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Home arrow Sites of interest arrow  Al-Khidr arrow Archaeozoology
Archaeozoology at Al-Khidr

Zora Miklíková and Peter Barta

During three excavation seasons of KSAM a large amount of animal remains, i.e. bones, teeth, otoliths and shells, has been collected. In spite of the fact that the final detailed analyses have not yet been carried out, some preliminary information relevant to the economy and environment of the Bronze Age settlement of Al-Khidr are already available.

According to the first assessment of bone material it can be stated that the food production at the site was strongly dependent on marine resources. A similar subsistence strategy has been observed also at other sites along the Arabian Gulf coast. The majority of the animal bone remains retrieved from Al-Khidr consisted of fish bones. This clearly demonstrates the importance of fishing for its inhabitants. At least ten families of fishes and twelve species are present including requiem sharks (Carcharhinidae), sawfish (Pristidae), marine catfish (Ariidae), groupers (Serranidae), jacks/trevallies (Carangidae), grunts (Haemulidae), emperors (Lethrinidae), seabream (Sparidae), parrotfish (Scaridae) and barracudas (Sphyraenidae). Large amounts of cormorant bones in some excavation areas indicate that this bird contributed significantly to the diet of the inhabitants. The exploitation of sea turtles, swimming crabs and cuttlefish has been also recorded. Marine molluscs appear in large quantities at the site and probably made an important supplementary dietary contribution, as well as provided items such as pearls and raw material for making  the artefacts.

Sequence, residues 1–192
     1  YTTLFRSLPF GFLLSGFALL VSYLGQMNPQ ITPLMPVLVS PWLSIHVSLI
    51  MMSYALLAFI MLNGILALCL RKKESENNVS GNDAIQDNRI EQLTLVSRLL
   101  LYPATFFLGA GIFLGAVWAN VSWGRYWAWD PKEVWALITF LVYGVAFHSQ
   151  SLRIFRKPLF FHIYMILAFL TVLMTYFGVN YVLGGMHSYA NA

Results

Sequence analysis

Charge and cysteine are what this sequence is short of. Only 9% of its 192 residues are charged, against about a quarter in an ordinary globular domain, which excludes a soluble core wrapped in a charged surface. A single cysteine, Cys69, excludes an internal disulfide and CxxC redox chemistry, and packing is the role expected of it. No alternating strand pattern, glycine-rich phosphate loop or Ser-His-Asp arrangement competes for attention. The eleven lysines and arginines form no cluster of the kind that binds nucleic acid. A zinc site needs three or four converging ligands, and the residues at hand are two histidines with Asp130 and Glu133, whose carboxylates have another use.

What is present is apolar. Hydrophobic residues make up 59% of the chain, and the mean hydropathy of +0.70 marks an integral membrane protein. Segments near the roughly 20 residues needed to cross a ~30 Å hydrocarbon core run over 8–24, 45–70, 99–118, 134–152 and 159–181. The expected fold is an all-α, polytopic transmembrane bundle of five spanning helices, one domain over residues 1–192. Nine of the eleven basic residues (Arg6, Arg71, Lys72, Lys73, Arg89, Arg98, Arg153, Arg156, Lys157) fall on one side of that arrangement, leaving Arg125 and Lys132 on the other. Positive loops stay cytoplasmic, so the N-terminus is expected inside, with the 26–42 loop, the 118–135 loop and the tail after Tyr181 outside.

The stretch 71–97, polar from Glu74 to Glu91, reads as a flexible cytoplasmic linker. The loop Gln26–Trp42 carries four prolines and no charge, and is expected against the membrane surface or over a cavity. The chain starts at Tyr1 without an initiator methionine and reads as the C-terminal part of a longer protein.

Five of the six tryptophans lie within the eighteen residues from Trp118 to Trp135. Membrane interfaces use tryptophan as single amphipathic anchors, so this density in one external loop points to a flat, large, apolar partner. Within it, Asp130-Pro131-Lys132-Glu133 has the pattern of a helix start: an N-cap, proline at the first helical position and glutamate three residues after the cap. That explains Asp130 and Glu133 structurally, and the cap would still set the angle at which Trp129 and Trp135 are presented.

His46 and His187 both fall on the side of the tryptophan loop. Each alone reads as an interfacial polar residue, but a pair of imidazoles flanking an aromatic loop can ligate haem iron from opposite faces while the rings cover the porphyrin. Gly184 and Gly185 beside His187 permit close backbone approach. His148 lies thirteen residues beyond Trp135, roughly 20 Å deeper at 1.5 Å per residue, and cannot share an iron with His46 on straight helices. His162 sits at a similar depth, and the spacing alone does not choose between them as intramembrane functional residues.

Apart from information on species identification, archaeozoological data also produces insights into the daily life of past societies, which could not be otherwise revealed. At Al-Khidr, a number of large fish were caught suggesting that fishing was carried out with a hook and line. Such a picture is also corroborated by many metal fish-hooks found here. Analyses of otoliths, small calcareous structures inside the ear of fish, carried out in cooperation with the fisheries biologist Dr Mohsen Al-Husaini from the Kuwaiti Institute for Scientific Research, is providing important information on seasonal activities at the site. Otoliths have an incremental growth structure which when sectioned can be evaluated very much like tree rings to assess the age and season when it died. This work suggests that fishing was taking place mainly during the late spring and early summer, from April to June. Regarding terrestrial mammals, domestic species such as sheep (Ovis aries), goat (Capra hircus) and cattle (Bos taurus) all occur. Animal husbandry, like nowadays, provided the inhabitants with both primary (meat, fat, bone, hide) and secondary products (milk, draught power). The remains of wild mammals have not yet been detected. However, due to the evidence of gazelle and fox, though sporadic, from the Dilmun settlement in south-west Failaka, we cannot entirely exclude that some hunting may have been practiced in the north-western part of Failaka, adjacent to Al-Khidr.

To conclude, Al-Khidr can be viewed as a Dilmun settlement with clear evidence for fishing and shellfish gathering (food?, pearling?) as well as the keeping of domestic livestock (sheep, goats, and cattle).

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Click on a map to see all known archaeological sites on Failaka island from the Bronze Age up to the present day.